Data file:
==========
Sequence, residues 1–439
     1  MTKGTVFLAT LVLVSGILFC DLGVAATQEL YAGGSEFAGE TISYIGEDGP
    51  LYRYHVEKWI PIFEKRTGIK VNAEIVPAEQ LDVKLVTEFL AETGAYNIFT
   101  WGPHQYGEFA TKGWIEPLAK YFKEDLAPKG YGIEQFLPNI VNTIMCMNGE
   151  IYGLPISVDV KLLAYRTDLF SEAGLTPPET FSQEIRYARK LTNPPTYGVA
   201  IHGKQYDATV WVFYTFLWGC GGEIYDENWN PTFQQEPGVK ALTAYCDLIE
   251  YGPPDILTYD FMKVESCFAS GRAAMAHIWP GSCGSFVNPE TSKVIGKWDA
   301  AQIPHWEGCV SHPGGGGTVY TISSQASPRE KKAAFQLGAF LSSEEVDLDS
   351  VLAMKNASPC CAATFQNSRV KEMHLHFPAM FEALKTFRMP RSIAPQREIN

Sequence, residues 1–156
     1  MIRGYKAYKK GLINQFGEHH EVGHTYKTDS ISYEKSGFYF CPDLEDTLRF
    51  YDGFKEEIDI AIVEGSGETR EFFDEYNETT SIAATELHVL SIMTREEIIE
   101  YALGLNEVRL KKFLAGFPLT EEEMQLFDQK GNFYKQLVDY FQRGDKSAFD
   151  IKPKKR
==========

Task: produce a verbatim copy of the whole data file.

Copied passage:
Sequence, residues 1–439
     1  MTKGTVFLAT LVLVSGILFC DLGVAATQEL YAGGSEFAGE TISYIGEDGP
    51  LYRYHVEKWI PIFEKRTGIK VNAEIVPAEQ LDVKLVTEFL AETGAYNIFT
   101  WGPHQYGEFA TKGWIEPLAK YFKEDLAPKG YGIEQFLPNI VNTIMCMNGE
   151  IYGLPISVDV KLLAYRTDLF SEAGLTPPET FSQEIRYARK LTNPPTYGVA
   201  IHGKQYDATV WVFYTFLWGC GGEIYDENWN PTFQQEPGVK ALTAYCDLIE
   251  YGPPDILTYD FMKVESCFAS GRAAMAHIWP GSCGSFVNPE TSKVIGKWDA
   301  AQIPHWEGCV SHPGGGGTVY TISSQASPRE KKAAFQLGAF LSSEEVDLDS
   351  VLAMKNASPC CAATFQNSRV KEMHLHFPAM FEALKTFRMP RSIAPQREIN

Sequence, residues 1–156
     1  MIRGYKAYKK GLINQFGEHH EVGHTYKTDS ISYEKSGFYF CPDLEDTLRF
    51  YDGFKEEIDI AIVEGSGETR EFFDEYNETT SIAATELHVL SIMTREEIIE
   101  YALGLNEVRL KKFLAGFPLT EEEMQLFDQK GNFYKQLVDY FQRGDKSAFD
   151  IKPKKR